As published in PowerSports Business, November 4, 2019
by Mark J. Sheffield
Did you know that the Department of Labor provides an official description defining the role of a manager? Dealers have used the title Manager in many different ways, but guidelines for the title do exist.
A true manager:
- Has at least two (and preferably three or more) direct reports.
- Can hire and fire personnel who report to him/her.
- Has P&L and budgeting authority (including access to current financial statements for the area that he/she oversees).
- Spends at least 80% of his/her time doing managerial-type tasks. An employee who spends more than 20% of working hours taking care of clients and customers is not a manager.
While the ratio varies based on several factors, if more than 20% of your staff have the title of manager, then there is a good likelihood that you have too many bosses, and not enough workers. In our role as a 20 Group facilitators, we have the opportunity to visit and evaluate dealerships across North America. We frequently see dealerships with too many managers, and in many cases the people filling these positions are not those best suited for their roles.
So, how did we get into this situation? Lots of reasons:
- The dealership didn’t have a defined growth strategy, and expanded in a haphazard manner. We got busy and started throwing titles at problems.
- A manager left and the next most-tenured employee in that department was promoted into management (without considering whether they really were qualified for that role).
- The dealership didn’t have solid job descriptions defining the expectations for each role, resulting in a lack of clear accountability. (It’s also important that job descriptions evolve with the dealership.)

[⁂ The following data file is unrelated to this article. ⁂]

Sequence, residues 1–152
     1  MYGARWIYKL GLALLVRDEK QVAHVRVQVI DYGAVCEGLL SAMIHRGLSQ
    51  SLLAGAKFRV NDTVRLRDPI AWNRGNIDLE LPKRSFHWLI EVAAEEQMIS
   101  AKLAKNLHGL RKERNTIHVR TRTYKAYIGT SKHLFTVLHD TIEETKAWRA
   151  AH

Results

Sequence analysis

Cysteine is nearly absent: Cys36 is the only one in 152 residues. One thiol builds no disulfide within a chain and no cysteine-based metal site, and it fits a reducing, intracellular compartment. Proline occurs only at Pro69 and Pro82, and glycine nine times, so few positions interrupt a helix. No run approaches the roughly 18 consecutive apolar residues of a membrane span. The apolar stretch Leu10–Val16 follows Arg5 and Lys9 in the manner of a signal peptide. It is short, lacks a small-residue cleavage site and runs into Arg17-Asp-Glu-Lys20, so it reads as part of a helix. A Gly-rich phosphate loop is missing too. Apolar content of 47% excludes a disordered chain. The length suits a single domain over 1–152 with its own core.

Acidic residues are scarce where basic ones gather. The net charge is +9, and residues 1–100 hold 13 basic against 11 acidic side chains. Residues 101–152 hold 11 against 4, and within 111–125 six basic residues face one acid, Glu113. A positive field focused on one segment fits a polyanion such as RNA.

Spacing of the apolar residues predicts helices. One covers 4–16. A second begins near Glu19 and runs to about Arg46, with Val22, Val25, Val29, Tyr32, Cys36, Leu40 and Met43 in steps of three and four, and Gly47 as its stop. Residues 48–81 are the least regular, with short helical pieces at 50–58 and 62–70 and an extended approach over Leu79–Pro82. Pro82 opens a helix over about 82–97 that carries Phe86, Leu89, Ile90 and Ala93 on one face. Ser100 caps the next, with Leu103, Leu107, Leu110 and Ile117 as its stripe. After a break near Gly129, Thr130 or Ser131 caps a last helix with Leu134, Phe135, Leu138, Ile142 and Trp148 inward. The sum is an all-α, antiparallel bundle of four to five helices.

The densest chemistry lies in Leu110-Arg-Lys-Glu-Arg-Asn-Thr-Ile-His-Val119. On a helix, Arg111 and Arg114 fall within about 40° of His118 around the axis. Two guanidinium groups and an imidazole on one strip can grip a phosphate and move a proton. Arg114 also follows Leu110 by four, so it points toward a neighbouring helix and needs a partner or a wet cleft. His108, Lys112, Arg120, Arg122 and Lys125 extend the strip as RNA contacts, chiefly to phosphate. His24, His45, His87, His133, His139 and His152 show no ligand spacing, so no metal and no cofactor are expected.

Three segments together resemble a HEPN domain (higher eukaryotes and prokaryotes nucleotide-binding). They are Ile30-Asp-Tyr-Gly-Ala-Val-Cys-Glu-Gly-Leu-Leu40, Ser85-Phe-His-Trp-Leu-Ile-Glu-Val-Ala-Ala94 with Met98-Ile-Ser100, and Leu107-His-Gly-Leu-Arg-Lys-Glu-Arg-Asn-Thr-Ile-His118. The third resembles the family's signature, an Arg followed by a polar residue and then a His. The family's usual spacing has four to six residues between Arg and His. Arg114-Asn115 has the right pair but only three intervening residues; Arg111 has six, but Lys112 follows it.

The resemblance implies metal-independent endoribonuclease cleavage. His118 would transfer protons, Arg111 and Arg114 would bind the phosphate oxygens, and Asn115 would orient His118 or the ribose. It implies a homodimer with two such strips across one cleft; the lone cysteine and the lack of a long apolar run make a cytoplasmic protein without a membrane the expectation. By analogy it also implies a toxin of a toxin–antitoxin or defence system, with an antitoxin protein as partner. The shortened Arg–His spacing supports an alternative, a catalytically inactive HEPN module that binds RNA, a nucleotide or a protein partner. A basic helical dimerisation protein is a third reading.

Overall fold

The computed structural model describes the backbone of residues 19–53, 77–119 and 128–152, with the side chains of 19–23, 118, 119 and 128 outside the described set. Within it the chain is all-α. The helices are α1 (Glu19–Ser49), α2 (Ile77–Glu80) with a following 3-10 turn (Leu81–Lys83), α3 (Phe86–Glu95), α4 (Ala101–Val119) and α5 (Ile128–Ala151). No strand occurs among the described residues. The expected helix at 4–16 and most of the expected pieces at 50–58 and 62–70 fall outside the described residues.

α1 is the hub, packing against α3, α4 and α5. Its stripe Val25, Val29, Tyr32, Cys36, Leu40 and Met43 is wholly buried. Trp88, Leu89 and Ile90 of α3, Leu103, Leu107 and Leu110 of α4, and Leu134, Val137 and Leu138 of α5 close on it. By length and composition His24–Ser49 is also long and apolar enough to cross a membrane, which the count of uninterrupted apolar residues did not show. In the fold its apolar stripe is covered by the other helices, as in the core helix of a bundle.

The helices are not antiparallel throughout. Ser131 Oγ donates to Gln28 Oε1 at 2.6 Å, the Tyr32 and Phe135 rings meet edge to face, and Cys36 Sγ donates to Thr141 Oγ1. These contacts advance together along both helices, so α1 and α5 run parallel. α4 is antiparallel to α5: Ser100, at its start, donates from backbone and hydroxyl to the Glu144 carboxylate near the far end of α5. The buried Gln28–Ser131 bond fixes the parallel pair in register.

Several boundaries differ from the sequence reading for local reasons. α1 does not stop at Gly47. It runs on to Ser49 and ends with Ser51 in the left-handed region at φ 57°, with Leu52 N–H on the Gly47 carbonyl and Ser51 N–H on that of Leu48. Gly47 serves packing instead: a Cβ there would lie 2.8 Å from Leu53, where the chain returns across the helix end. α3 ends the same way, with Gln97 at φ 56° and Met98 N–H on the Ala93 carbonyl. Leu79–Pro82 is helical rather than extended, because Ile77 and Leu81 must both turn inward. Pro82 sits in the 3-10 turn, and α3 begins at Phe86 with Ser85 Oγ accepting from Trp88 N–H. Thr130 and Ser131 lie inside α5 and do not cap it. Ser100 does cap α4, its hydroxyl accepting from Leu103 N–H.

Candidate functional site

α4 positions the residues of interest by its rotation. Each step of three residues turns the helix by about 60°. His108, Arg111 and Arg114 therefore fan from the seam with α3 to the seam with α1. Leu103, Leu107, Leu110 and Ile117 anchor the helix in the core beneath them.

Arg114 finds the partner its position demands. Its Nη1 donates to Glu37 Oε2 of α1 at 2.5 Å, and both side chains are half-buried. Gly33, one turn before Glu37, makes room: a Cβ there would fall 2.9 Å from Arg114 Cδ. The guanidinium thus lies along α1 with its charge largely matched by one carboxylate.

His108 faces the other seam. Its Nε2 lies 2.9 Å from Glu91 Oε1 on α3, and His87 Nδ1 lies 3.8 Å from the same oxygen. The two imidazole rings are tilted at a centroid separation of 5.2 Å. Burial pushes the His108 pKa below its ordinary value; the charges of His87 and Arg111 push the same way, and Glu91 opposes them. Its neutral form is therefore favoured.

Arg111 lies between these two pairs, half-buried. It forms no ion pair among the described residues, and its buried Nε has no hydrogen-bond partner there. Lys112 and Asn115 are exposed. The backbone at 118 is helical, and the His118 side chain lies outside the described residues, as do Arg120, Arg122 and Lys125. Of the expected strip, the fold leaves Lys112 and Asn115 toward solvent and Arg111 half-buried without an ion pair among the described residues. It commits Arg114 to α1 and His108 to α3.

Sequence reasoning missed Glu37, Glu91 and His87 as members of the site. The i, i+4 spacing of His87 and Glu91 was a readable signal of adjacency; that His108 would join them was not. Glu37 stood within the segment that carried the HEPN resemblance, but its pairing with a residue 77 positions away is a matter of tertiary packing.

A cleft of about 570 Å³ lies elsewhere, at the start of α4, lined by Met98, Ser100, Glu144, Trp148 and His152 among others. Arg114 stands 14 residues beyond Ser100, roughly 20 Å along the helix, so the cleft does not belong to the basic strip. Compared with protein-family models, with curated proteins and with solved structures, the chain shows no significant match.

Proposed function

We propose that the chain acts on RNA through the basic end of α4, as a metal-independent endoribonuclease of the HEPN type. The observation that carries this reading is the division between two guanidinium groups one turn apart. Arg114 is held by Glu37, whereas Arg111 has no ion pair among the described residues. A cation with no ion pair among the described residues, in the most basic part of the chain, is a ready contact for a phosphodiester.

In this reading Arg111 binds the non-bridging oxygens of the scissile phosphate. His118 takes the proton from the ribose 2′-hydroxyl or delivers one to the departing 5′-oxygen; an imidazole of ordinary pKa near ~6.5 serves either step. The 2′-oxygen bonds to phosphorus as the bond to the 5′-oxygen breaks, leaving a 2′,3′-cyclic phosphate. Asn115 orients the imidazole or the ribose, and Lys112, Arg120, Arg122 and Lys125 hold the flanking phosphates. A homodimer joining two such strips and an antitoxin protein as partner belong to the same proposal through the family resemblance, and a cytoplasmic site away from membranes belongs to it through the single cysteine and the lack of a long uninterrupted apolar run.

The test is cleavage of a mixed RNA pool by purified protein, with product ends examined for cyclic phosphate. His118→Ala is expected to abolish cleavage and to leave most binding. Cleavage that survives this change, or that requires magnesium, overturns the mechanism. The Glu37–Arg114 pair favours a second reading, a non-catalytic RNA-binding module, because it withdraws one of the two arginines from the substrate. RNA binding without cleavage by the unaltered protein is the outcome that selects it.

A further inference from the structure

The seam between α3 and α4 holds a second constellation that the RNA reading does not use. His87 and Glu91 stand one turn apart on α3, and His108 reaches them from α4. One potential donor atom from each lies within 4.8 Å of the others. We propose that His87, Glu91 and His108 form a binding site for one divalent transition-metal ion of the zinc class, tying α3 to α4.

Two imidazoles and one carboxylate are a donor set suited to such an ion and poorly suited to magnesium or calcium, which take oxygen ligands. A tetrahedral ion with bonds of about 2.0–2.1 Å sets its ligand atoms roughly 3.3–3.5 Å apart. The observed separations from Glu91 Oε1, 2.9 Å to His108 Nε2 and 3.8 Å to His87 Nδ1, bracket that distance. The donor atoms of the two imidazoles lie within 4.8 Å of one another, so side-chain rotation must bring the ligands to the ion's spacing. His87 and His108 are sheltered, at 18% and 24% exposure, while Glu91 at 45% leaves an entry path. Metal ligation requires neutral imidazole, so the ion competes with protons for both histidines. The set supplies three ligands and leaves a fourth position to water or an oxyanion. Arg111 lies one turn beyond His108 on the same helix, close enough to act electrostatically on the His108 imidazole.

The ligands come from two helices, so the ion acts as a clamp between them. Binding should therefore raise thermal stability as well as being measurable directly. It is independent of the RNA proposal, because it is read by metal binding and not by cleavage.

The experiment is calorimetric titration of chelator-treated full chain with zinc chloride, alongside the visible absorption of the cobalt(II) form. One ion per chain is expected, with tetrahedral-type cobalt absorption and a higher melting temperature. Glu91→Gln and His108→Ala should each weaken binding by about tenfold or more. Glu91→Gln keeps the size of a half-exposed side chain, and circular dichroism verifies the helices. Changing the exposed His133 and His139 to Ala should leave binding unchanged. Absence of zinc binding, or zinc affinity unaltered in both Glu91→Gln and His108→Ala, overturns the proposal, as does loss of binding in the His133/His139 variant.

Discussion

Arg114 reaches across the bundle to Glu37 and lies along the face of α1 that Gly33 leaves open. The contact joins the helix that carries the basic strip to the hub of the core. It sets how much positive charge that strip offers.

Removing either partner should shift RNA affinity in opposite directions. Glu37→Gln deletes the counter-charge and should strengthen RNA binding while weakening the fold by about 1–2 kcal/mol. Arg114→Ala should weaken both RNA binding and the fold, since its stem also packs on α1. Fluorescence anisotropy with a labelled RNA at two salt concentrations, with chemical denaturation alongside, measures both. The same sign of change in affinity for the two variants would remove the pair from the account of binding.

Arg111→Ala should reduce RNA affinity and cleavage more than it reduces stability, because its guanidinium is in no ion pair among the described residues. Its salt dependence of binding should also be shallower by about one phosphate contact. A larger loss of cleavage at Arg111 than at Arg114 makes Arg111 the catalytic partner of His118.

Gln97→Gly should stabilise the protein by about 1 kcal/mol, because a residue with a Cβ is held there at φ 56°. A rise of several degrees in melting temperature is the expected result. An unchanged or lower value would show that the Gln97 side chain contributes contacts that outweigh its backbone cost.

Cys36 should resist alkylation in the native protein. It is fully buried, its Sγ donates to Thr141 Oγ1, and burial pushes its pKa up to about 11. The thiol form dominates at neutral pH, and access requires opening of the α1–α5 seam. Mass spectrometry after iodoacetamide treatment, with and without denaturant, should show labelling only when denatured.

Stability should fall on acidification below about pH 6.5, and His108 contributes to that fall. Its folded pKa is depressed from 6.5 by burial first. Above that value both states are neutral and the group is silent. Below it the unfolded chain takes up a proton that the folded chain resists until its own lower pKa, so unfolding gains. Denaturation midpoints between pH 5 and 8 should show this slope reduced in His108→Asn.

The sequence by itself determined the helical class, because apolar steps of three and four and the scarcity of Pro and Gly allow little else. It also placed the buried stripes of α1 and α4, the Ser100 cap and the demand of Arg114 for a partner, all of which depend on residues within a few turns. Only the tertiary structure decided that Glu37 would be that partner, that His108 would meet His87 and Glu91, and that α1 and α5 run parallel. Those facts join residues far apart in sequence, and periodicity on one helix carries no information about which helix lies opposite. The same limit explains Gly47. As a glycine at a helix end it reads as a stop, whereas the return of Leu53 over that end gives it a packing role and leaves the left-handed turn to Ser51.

- The dealership didn’t have a strong hiring process and failed to cast a wide enough net when looking for new staff. (Hiring is both an art and a science, if you’ve never taken a class or course to help you develop your hiring skills then you are missing out.)
- The dealership was in the middle of the busy season and had to make a rushed promotion.
We are all for promoting from within, but there are times where the best employee in a department might not be the best manager for that department. The skills that define a top salesperson don’t always translate into the skills that make a good sales manager. Promote the wrong person, or promote too soon, and in the best-case scenario you lose a little money. In the worst-case scenario you lose a good employee. Once an employee has been promoted, if they don’t work out it’s tough (almost impossible) to take that title back without doing serious damage to that person’s pride.
There are many ways to avoid some of these problems.
Growth Strategy – As your dealership grows and expands, create management positions only when the four management criteria have been met. If the role doesn’t quite require a manager, then look at intermediate positions such as team leaders, foremen, and supervisors.
Performance Reviews – Sit down with each employee at least twice a year and review his/her performance. Instead of just stating that the employee is doing a good job, compare their alignment with the company values and also review each component of their job description to see if the dealership standards are being met. During the review, ask employees where they see themselves in the future, and then provide feedback on skills they will need to develop in order to grow into those positions.